A month ago we learned the nominees for the Lisagor awards for journalistic excellence in Chicago. This weekend we get the news: Congrats to Linda Lutton and Kati Phillips for winning the Headline Club's New Watchdog Award. I'm proud to say I know them both, albeit not very well. Read the rest of the release below or check out all the winners here. I didn't see any other education-related winners.
From the press release:
"Reporters Linda Lutton and Kati Phillips of the Daily Southtown received
the honor for their "Reverse Robin Hood" investigation into Sauk Village
schools superintendent Tom Ryan. The pair detailed Ryan's illegal use of
school district funds to pay for his daughters' college education and gifts
for family and friends. Ryan later pleaded guilty to theft charges and is
serving an eight year prison sentence."
"A remarkable investigative series," one judge commented. "It picks the
right subject, not too big and not too small, and looks at it from every
possible angle... This took a lot of guts, determination and knowledge... I
applaud the writers, the editor and the paper that presented it in perfect
Lutton and Phillips received a $3,500 cash prize and awards fashioned out
of crystal at the Headline Club's 29th annual Peter Lisagor awards banquet,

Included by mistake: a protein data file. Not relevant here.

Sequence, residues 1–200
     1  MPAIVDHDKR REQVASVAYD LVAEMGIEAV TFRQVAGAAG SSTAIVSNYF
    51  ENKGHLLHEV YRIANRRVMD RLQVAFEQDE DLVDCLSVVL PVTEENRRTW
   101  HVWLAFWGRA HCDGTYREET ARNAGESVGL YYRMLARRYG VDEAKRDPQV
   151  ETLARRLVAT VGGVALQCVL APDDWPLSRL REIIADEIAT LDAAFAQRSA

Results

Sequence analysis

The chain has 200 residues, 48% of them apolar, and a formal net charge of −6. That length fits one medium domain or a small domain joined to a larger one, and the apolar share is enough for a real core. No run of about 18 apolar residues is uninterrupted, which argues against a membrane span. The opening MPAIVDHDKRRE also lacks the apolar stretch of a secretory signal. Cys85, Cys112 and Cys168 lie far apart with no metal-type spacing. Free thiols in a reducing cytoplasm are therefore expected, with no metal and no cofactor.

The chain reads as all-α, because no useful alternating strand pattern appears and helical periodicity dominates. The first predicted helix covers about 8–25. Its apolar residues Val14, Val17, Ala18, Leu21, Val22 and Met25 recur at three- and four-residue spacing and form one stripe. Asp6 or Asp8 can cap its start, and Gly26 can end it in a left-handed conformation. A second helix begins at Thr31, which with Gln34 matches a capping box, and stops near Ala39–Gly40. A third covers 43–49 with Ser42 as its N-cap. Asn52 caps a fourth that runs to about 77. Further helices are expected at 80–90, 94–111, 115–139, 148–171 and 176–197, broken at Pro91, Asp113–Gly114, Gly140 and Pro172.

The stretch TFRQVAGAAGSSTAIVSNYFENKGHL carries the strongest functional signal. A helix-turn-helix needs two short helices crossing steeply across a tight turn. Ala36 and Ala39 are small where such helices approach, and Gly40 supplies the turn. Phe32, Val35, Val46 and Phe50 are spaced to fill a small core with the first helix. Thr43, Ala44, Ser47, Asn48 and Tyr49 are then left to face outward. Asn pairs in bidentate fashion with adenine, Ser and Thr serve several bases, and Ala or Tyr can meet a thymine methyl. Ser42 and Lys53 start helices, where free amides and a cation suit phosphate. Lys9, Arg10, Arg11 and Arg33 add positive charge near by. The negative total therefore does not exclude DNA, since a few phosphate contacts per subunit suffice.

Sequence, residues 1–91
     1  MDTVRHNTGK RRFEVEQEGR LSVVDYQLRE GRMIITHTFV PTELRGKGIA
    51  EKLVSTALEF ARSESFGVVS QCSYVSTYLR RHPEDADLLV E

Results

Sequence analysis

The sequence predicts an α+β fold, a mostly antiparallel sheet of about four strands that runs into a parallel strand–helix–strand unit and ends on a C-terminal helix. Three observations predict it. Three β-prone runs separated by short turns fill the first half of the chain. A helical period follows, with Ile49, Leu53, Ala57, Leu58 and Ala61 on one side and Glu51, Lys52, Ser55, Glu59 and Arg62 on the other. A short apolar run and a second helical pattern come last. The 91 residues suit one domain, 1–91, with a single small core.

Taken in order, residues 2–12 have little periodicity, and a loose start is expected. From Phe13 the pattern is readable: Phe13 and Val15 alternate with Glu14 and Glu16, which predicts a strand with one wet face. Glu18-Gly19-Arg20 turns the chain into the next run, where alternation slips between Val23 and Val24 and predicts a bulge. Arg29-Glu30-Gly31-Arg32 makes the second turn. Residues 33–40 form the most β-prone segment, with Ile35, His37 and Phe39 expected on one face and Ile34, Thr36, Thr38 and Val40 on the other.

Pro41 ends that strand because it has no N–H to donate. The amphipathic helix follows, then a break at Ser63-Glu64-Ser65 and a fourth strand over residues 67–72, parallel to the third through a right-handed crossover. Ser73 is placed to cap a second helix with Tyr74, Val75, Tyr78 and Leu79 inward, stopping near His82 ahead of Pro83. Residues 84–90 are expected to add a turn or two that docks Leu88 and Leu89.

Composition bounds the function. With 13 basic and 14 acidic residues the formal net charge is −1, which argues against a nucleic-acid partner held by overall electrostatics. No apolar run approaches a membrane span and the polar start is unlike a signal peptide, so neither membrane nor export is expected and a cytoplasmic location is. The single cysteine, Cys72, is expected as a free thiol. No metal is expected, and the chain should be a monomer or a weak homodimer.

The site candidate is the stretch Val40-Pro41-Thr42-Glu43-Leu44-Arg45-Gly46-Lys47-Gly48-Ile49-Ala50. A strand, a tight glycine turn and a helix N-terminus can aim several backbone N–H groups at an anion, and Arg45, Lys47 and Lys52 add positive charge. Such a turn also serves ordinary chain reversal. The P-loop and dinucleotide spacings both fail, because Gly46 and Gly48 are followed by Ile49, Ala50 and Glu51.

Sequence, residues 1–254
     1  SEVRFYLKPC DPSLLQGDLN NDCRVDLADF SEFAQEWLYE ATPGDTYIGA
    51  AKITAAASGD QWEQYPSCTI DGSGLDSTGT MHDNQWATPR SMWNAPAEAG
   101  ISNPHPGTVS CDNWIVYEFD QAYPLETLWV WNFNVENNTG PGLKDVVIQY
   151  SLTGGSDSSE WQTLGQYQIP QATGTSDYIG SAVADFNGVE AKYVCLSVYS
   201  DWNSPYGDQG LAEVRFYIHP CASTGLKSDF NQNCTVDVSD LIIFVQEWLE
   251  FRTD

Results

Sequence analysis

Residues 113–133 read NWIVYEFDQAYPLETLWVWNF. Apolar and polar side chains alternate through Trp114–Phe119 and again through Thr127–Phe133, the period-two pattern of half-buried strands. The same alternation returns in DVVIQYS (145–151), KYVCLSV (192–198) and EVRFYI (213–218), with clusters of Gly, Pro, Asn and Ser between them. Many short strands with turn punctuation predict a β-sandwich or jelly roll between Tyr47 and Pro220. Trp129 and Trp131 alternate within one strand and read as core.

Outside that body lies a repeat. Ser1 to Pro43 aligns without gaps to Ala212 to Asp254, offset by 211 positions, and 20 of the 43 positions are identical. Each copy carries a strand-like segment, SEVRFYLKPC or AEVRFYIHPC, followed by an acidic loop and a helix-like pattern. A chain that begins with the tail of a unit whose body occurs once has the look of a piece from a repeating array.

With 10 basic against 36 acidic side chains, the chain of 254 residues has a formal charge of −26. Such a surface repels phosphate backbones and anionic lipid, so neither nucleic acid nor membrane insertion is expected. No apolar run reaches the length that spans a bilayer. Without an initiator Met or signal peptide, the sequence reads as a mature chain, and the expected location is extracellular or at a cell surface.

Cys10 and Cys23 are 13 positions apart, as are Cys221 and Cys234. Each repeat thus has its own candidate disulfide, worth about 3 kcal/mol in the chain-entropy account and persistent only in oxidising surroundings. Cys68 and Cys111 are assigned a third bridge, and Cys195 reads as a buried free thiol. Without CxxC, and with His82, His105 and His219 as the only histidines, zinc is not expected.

held tonight at the Holiday Inn Mart Plaza.
More than 50 print and broadcast news reports were nominated for the
Watchdog Award, which is explicitly designed to encourage stories that stick
up for the common person. It honors Chicago area news reporting that calls
attention to situations in which the public is being harmed or poorly served.
The Watchdog Award is funded by a generous donation and multi-year pledge
from The Richard H. Driehaus Foundation and is administered by the Chicago
Headline Club Foundation.
"I'm pleased that the Chicago Headline Club Foundation, with the support
of the Driehaus Foundation, will be able to reward the kind of great
investigative reporting Chicago journalists are known for," says Ilyce Glink,
president of the CHC Foundation.
Established in 1921, the Chicago Headline Club is the largest chapter of
the Society of Professional Journalists. Its members work to promote ethical
conduct, raise the bar for reporting standards, recognize excellence,
encourage young journalists, advance the cause of freedom of information and
enhance the prestige of the profession.
The Club's charitable activities are supported by the Chicago Headline
Club Foundation, a sister organization which raises money for scholarships and
professional development activities.
Most familiar for its philanthropic support of the arts, architectural and
urban environment initiatives, the Driehaus Foundation has recently taken a
keen interest in supporting documentary film and radio reporting and
investigative reporting projects.
Filed under: Media Watch